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UZBEKISTAN: Criminal prosecution for sharing beliefs

Jehovah's Witnesses Yevgeni Kupayev and Natalya Kupayeva face criminal trial on 23 July for sharing their beliefs. Police acted illegally during latest arrests, and a male police officer searched the bodies of women. Officials have refused to answer Forum 18's questions about their actions.

The criminal trial of two Jehovah's Witnesses, Yevgeni Kupayev and his wife Natalya Kupayeva, for sharing their beliefs with others is due to begin in Tashkent Region on 23 July. The criminal charges come after previous Administrative Code convictions. Police acted illegally during the latest arrest, and a male police officer searched the bodies of women. They were freed the same day.

Police, prosecution officials and the judge have refused to answer Forum 18's questions about their actions, and put the phone down when Forum 18 asked why the state insists state permission is necessary to exercise fundamental human rights such as the freedom of religion and belief (see below).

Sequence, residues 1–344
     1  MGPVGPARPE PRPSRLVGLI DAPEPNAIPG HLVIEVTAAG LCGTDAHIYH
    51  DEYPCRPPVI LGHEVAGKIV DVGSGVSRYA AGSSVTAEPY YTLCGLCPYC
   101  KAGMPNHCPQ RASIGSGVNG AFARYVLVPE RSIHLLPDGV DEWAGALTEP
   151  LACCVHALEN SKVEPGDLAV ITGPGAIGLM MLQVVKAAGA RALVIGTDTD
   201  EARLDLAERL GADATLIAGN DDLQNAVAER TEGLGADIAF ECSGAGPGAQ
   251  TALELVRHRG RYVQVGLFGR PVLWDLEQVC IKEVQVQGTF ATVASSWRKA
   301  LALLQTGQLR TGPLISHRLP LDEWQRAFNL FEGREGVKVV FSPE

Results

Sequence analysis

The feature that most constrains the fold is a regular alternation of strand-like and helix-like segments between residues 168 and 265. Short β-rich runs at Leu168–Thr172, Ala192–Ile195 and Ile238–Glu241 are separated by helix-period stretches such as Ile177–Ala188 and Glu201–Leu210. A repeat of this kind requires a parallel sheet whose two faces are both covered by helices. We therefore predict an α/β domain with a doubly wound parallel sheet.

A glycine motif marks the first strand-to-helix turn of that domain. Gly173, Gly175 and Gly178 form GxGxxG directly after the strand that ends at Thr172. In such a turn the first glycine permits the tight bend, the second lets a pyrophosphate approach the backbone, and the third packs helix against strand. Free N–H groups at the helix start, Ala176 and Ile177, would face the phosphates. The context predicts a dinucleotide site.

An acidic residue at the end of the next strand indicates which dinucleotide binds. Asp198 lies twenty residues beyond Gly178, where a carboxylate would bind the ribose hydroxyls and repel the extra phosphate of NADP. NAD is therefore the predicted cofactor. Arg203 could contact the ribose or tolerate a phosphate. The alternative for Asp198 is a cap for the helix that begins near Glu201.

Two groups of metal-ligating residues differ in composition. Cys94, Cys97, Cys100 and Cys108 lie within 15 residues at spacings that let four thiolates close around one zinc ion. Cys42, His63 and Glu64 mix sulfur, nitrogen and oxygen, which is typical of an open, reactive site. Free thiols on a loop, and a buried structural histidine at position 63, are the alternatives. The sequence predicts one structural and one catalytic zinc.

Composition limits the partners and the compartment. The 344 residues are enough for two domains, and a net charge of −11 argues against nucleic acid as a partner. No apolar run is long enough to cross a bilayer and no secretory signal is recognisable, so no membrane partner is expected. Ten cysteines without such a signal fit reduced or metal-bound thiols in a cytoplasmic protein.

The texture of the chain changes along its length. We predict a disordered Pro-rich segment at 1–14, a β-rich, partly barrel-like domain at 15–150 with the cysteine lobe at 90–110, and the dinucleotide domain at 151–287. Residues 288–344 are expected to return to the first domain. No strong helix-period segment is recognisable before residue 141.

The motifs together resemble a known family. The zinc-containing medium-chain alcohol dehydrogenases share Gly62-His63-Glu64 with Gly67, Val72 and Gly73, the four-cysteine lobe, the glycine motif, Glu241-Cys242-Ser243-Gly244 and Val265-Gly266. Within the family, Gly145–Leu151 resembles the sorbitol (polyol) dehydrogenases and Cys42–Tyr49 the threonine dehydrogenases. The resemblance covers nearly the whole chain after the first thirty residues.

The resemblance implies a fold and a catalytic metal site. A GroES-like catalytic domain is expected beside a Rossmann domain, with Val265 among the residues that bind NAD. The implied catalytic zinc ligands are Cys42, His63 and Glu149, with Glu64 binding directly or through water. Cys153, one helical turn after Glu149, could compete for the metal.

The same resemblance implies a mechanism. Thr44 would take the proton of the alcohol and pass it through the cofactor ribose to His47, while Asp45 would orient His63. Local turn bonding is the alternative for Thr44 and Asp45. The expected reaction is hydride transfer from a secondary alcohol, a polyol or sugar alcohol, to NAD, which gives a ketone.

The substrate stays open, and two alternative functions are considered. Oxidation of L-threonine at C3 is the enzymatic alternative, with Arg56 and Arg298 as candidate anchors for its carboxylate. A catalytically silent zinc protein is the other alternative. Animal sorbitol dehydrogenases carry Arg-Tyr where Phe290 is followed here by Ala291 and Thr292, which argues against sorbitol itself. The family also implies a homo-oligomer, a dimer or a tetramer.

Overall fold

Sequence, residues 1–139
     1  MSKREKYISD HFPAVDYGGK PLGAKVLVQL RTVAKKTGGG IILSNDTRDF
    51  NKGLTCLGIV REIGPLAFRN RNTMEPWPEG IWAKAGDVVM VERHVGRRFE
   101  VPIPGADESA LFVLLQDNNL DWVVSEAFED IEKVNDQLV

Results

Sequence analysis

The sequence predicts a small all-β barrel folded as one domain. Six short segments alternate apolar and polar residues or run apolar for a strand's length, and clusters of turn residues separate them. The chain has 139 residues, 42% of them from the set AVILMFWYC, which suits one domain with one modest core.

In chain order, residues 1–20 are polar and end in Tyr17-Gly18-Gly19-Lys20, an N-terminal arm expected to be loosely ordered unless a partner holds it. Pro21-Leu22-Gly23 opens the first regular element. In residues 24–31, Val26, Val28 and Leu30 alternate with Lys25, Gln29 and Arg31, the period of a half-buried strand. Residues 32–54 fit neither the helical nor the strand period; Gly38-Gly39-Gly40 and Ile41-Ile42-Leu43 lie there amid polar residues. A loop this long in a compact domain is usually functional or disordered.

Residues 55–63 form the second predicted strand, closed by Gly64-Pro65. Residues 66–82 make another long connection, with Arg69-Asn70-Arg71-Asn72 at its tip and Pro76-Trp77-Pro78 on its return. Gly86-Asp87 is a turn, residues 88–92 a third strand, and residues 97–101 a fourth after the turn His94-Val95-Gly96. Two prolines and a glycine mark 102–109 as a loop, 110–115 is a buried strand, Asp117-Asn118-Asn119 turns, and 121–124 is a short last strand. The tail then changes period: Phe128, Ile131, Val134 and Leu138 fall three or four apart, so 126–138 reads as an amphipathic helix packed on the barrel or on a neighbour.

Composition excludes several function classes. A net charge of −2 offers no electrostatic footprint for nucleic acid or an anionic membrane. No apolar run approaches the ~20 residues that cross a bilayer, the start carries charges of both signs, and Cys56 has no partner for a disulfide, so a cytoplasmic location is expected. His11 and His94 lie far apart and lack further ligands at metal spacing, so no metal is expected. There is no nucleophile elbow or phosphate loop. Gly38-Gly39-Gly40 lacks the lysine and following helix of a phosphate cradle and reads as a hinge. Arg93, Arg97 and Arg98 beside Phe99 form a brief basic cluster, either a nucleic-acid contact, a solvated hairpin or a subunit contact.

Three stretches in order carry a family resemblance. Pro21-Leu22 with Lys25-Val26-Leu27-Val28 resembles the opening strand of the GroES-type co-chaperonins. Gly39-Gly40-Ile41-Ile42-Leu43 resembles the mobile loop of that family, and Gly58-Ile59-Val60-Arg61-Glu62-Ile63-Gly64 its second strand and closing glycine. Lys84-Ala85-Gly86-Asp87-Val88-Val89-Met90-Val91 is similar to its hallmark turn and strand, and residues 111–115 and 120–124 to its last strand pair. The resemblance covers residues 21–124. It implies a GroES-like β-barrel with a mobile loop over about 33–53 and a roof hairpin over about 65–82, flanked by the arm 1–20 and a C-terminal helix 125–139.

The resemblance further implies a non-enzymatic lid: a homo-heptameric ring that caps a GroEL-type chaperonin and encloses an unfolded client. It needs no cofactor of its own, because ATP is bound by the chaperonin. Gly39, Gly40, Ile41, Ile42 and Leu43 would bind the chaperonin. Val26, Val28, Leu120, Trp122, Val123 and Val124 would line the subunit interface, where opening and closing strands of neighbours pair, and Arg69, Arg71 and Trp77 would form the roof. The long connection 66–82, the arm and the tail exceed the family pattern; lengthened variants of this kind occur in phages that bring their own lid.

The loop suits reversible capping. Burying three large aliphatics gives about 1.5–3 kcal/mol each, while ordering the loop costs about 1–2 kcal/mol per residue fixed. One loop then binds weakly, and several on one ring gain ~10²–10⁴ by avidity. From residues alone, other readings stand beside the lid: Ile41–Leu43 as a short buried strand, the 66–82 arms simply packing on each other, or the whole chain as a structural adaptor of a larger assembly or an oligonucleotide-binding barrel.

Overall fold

On 17 July, a Tashkent court upheld Gayrat Ziyakhojayev's conviction for sharing Muslim texts containing "a threat to public security and public order". The court rejected his appeal against the conviction and an order to destroy his phone and computer containing irreplaceable family photos. He now intends to appeal to the Supreme Court. "Judge Turgunova ignored all my objections to falsehoods in the case and did not even answer any of my questions," Ziyakhojayev told Forum 18 (see below).

However, on 17 July a Fergana court overturned Muslim scholar and human rights defender Musajon Bobojonov's three-year suspended prison term on charges of disseminating "extremist" material. "I thank everybody who made efforts for my acquittal," he told Forum 18, "especially my lawyer Khotambek Madumarov" (see below).

Fined under Administrative Code

On 8 January, Yevgeni Kupayev and his wife Natalya Kupayeva were among a group of nine Jehovah's Witnesses fined 10 times the minimum monthly wage. The fines were imposed to punish them for distributing religious literature on a street in the village of Zarkent in Parkent District of Tashkent Region on 10 December 2017.